Samanez-Larkin performed this research while he was a graduate student at Stanford University. His co-authors are Brian Knutson, Robert Dougherty and Michael Perry from Stanford and Sara Levens from Carnegie Mellon University. The research was funded by the Financial Industry Regulatory Authority Investor Education Foundation and the National Institute on Aging.


Story Source:

The above story is based on materials provided by Vanderbilt University. Note: Materials may be edited for content and length.


Journal Reference:

  1. G. R. Samanez-Larkin, S. M. Levens, L. M. Perry, R. F. Dougherty, B. Knutson. Frontostriatal White Matter Integrity Mediates Adult Age Differences in Probabilistic Reward Learning. Journal of Neuroscience, 2012; 32 (15): 5333 DOI: 10.1523/JNEUROSCI.5756-11.2012

Cite This Page:

Vanderbilt University. "Trouble coping with the unfamiliar as you age? Blame your white matter." ScienceDaily. ScienceDaily, 11 April 2012. <www.sciencedaily.com/releases/2012/04/120411131917.htm>.
Vanderbilt University. (2012, April 11). Trouble coping with the unfamiliar as you age? Blame your white matter. ScienceDaily. Retrieved December 20, 2014 from www.sciencedaily.com/releases/2012/04/120411131917.htm
Vanderbilt University. "Trouble coping with the unfamiliar as you age? Blame your white matter." ScienceDaily. www.sciencedaily.com/releases/2012/04/120411131917.htm (accessed December 20, 2014).

Share This


More From ScienceDaily



More Health & Medicine News

Saturday, December 20, 2014

Featured Research

from universities, journals, and other organizations


Featured Videos

from AP, Reuters, AFP, and other news services

The Best Tips to Curb Holiday Carbs

The Best Tips to Curb Holiday Carbs

Buzz60 (Dec. 19, 2014) It's hard to resist those delicious but fattening carbs we all crave during the winter months, but there are some ways to stay satisfied without consuming the extra calories. Vanessa Freeman (@VanessaFreeTV) has the details. Video provided by Buzz60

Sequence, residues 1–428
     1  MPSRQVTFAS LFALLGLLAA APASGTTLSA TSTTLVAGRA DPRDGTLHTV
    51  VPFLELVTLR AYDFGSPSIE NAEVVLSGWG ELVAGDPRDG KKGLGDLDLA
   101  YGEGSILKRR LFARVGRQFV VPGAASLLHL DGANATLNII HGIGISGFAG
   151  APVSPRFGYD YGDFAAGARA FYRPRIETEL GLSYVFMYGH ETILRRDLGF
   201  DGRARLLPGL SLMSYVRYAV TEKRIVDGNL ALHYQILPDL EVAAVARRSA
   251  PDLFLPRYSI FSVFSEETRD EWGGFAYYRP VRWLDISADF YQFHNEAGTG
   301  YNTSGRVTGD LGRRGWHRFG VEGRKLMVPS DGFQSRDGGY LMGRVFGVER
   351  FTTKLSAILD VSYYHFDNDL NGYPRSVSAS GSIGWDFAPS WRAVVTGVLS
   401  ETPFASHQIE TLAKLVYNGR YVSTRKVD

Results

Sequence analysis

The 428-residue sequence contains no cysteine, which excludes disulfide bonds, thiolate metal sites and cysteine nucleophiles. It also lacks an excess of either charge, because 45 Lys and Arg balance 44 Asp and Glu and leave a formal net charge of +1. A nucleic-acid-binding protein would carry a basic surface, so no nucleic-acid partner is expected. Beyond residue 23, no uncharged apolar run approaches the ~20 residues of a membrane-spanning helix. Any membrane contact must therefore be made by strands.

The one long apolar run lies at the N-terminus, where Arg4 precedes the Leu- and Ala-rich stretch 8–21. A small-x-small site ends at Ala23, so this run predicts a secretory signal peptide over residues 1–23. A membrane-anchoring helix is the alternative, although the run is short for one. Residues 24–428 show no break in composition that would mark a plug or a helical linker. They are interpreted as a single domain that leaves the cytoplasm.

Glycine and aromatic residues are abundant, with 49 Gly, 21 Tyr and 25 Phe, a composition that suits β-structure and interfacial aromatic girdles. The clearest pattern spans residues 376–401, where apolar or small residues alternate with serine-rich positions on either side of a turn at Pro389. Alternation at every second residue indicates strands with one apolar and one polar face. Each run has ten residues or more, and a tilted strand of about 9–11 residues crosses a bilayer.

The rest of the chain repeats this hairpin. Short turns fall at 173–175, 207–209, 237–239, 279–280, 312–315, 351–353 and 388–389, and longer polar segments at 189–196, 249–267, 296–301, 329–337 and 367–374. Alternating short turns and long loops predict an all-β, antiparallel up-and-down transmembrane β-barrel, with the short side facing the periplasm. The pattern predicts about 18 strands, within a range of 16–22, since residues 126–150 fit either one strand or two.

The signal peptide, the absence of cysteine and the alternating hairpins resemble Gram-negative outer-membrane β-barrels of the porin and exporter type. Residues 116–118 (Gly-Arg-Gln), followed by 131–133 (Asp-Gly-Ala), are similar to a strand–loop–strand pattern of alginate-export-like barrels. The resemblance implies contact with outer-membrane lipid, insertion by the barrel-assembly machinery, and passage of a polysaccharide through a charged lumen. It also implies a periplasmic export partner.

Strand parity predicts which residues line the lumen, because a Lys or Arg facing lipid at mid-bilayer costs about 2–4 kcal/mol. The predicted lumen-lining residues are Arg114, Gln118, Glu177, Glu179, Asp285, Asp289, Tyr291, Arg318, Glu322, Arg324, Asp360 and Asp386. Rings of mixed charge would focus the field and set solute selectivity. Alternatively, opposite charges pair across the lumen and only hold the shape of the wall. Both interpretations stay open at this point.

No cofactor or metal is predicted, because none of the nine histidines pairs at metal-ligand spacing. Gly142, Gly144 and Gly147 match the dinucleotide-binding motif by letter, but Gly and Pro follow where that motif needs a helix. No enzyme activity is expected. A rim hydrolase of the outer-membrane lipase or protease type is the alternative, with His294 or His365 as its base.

Powered by NewsLook.com
Sierra Leone Bikers Spread the Message to Fight Ebola

Sierra Leone Bikers Spread the Message to Fight Ebola

AFP (Dec. 19, 2014) More than 100 motorcyclists hit the road to spread awareness messages about Ebola. Nearly 7,000 people have now died from the virus, almost all of them in west Africa, according to the World Health Organization. Video provided by AFP
Powered by NewsLook.com
Researchers Test Colombian Village With High Alzheimer's Rates

Researchers Test Colombian Village With High Alzheimer's Rates

AFP (Dec. 19, 2014) In Yarumal, a village in N. Colombia, Alzheimer's has ravaged a disproportionately large number of families. A genetic "curse" that may pave the way for research on how to treat the disease that claims a new victim every four seconds. Duration: 02:42 Video provided by AFP
Powered by NewsLook.com
Double-Amputee Becomes First To Move Two Prosthetic Arms With His Mind

Double-Amputee Becomes First To Move Two Prosthetic Arms With His Mind

Buzz60 (Dec. 19, 2014) A double-amputee makes history by becoming the first person to wear and operate two prosthetic arms using only his mind. Jen Markham has the story. Video provided by Buzz60
Powered by NewsLook.com

Search ScienceDaily

Number of stories in archives: 140,361

Find with keyword(s):
Enter a keyword or phrase to search ScienceDaily for related topics and research stories.

Save/Print:
Share:

Breaking News:

Strange & Offbeat Stories


Health & Medicine

Mind & Brain

Living & Well

In Other News

... from NewsDaily.com

Science News

Health News

Environment News

Technology News



Save/Print:
Share:

Free Subscriptions


Get the latest science news with ScienceDaily's free email newsletters, updated daily and weekly. Or view hourly updated newsfeeds in your RSS reader:

Get Social & Mobile


Keep up to date with the latest news from ScienceDaily via social networks and mobile apps:

Have Feedback?


Tell us what you think of ScienceDaily -- we welcome both positive and negative comments. Have any problems using the site? Questions?
Mobile: iPhone Android Web
Follow: Facebook Twitter Google+
Subscribe: RSS Feeds Email Newsletters
Latest Headlines Health & Medicine Mind & Brain Space & Time Matter & Energy Computers & Math Plants & Animals Earth & Climate Fossils & Ruins